Believe it or not, I wasn’t looking for another cat.
We had eight already, and yes, they’re all indoor cats, and even though I really, really, REALLY love cats, even I thought that eight was enough. Mostly I worried about upsetting the delicate balance of the social order by adding more.
I think that cats are far more social than most people realize (feral ones do live in colonies, after all), but their social dynamics can still be tricky. My mother’s house is populated with cats who had personality conflicts with other cats at my house or who just couldn’t thrive with in such a big group. Our eight, though not without occasional conflict, were a pretty copacetic bunch.
So Oliver was only intended to be a foster. His story spoke to me. Our local no-kill shelter had to quarantine their cat houses for several weeks and couldn’t accept any surrenders. But sometimes people get desperate: Oliver and fourteen other cats, including several pregnant females, were dropped off in crates and boxes outside the gates. All of the other cats found foster homes, but no one wanted to take the adolescent male kitty. There he was, stuck in a cage in the dog building, and declining daily from the stress.
We had a room that was going unused, and here was a cat who needed a room. So my son and I went to pick up Oliver.
He spent the first 24 hours wedged in between the wall and the edge of a bookcase, nose to the corner. With some soothing and petting, he began to emerge on the second day. By the third day, he was climbing into my lap to purr mightily. By the fourth day, he began to purr as soon as I stepped into his room.
Still, I was sure I could return him to the shelter once that cat room was open. We just didn’t need another cat.
As we got to know Oliver better, we struggled to see how he would manage life in a shelter. He was terrified of everything, especially people and cats and noise, which there’s plenty of at an animal shelter. Fear often makes him lash out with claws. We wondered how Oliver would get noticed in the first place or how he would ever learn to interact appropriately with a potential family.
And if he did get noticed for his handsome stripes and ridiculously long tail, a potential adopter might turn away upon a closer inspection that revealed the weeping eyes, the constant sneezing, the crusty nose. Oliver suffers from seasonal allergies, and he’s often a crusty, goopy mess.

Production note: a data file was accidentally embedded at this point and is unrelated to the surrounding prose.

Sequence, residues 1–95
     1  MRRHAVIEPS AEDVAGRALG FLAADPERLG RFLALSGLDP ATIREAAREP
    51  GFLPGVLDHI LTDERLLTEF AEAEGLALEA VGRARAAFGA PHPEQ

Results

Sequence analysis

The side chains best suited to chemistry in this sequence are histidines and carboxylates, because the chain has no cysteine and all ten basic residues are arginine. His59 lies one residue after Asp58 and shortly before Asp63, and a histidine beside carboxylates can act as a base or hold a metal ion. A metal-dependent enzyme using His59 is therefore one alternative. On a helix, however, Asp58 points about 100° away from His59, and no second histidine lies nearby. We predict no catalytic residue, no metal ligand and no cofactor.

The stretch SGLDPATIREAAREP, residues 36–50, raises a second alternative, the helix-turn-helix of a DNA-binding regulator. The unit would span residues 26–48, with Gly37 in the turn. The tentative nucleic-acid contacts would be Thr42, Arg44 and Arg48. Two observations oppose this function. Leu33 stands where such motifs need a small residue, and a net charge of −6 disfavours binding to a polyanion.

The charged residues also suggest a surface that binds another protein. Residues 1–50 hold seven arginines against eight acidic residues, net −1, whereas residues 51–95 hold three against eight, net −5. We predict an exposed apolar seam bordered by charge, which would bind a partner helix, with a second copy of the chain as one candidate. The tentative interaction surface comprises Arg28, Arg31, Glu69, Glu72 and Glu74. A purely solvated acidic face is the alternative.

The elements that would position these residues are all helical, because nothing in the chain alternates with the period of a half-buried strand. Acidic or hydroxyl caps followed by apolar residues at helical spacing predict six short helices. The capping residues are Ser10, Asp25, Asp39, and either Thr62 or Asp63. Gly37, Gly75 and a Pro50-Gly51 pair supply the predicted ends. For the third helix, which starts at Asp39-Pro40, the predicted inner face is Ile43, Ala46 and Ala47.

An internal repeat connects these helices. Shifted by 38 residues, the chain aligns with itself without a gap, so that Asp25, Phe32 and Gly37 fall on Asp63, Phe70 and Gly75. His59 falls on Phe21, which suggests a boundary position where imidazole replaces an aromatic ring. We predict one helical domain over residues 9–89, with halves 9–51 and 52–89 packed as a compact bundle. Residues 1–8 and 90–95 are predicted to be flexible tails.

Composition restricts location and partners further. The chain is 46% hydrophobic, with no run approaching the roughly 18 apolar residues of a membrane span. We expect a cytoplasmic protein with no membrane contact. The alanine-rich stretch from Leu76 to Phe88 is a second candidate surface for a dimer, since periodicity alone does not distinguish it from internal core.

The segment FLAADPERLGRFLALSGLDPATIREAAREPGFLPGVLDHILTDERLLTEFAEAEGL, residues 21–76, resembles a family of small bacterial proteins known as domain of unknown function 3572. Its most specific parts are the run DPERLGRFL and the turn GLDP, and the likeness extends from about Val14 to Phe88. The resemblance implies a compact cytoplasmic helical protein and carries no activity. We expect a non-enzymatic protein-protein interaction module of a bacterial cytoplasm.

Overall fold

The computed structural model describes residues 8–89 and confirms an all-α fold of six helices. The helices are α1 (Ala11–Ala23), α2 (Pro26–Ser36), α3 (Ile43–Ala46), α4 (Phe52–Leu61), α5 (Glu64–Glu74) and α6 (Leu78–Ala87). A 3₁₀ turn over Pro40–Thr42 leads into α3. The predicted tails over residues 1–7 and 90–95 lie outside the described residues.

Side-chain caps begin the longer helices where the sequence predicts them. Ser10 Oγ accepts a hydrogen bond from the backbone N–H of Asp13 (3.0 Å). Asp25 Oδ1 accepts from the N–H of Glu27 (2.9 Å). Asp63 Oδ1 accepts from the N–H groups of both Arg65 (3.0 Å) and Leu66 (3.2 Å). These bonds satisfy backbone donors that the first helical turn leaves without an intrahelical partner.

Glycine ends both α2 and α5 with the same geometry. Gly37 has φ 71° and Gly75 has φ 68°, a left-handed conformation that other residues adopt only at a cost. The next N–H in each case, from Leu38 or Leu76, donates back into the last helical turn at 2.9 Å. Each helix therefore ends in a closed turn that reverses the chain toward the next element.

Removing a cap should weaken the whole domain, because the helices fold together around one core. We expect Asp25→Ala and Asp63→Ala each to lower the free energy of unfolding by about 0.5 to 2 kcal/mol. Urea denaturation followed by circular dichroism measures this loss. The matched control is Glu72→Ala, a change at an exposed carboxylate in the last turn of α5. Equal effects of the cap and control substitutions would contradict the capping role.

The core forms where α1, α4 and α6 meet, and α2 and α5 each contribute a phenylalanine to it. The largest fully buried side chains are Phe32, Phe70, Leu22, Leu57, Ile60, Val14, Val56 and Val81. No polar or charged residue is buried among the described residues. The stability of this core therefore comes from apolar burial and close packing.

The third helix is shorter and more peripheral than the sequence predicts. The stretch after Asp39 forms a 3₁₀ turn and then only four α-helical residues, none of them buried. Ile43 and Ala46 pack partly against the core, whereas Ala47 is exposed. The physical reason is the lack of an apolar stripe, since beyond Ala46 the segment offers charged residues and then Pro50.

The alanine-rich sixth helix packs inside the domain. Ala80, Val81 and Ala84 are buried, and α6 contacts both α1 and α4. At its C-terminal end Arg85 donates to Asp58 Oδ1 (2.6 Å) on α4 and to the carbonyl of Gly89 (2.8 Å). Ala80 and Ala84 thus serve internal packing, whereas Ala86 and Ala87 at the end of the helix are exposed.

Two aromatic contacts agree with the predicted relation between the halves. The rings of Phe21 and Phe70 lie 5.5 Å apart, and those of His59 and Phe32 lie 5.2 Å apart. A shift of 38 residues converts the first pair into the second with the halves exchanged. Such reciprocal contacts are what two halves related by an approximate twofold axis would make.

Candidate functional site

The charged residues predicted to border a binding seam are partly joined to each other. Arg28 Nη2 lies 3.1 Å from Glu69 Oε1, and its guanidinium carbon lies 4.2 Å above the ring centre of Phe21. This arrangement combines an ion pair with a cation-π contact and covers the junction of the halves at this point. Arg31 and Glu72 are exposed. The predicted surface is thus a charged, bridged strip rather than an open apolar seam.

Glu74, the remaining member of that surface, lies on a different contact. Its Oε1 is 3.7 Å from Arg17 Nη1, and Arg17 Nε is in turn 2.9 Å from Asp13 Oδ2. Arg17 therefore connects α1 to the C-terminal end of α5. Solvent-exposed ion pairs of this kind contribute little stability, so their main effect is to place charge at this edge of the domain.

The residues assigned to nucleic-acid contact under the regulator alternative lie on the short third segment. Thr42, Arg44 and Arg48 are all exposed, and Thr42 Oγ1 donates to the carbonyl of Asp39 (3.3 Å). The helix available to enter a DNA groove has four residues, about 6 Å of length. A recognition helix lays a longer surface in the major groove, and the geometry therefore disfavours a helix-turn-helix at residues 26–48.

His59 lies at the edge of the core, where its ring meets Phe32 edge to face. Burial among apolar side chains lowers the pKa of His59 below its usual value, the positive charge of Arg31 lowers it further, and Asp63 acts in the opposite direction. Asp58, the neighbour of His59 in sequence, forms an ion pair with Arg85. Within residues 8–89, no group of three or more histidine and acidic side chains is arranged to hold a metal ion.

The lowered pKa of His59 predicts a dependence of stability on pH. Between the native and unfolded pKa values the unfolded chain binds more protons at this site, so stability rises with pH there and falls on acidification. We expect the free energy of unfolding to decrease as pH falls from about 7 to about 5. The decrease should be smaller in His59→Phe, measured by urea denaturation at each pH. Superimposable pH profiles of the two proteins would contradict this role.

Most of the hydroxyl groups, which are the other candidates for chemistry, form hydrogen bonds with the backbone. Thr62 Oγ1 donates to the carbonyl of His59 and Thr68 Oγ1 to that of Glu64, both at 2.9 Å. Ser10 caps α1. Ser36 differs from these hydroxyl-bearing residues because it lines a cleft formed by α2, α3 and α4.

And even if all the ooze and crust didn’t put someone off, we thought the biting would. Oliver is a biter. Not out of spite. He’s a good-natured, happy cat. But excitement and affection (and perhaps some dental issues that lead to sore gums) lead him to grab an arm or a hand and chomp down hard. Breaking the skin hard. And he doesn’t like to let go. Sometimes it’s a two person job to pry Oliver’s mouth open and extricate the tender human flesh. Even if he found a home, it was likely to be short-lived. Not many people appreciate a cat who makes you bleed, and not many have the patience to work with a cat on their troublesome behavior.
And that’s how my first foster cat ended up becoming my first foster failure. In the end, we decided that despite everything, ours was the best home for him.
It hasn’t been an easy transition. As I have told my husband more than once, it turns out you really can have too many cats. Oliver has fought his way into the social order–quite literally. The three girl cats, especially, have not wanted to share their space with the interloper, and they still ambush and pick on him. He routinely has to be rescued from a cat half his size who’s got him pinned under furniture. The boy cats all seem to like him okay, but he doesn’t understand their social cues and constantly mistakes a playful engagement for an attack. Kerfuffle abounds. But he’s getting along well with Panda, and he adores the dog.
He has learned to stake out his share of the bed at night, and he puts his master snuggling skills to good use. He’s busier than the other cats and struggles to occupy himself when they’re all napping for 22 hours a day. But he’s a happy, silly cat, and for all his challenges, he does make me laugh every day, which is not nothing.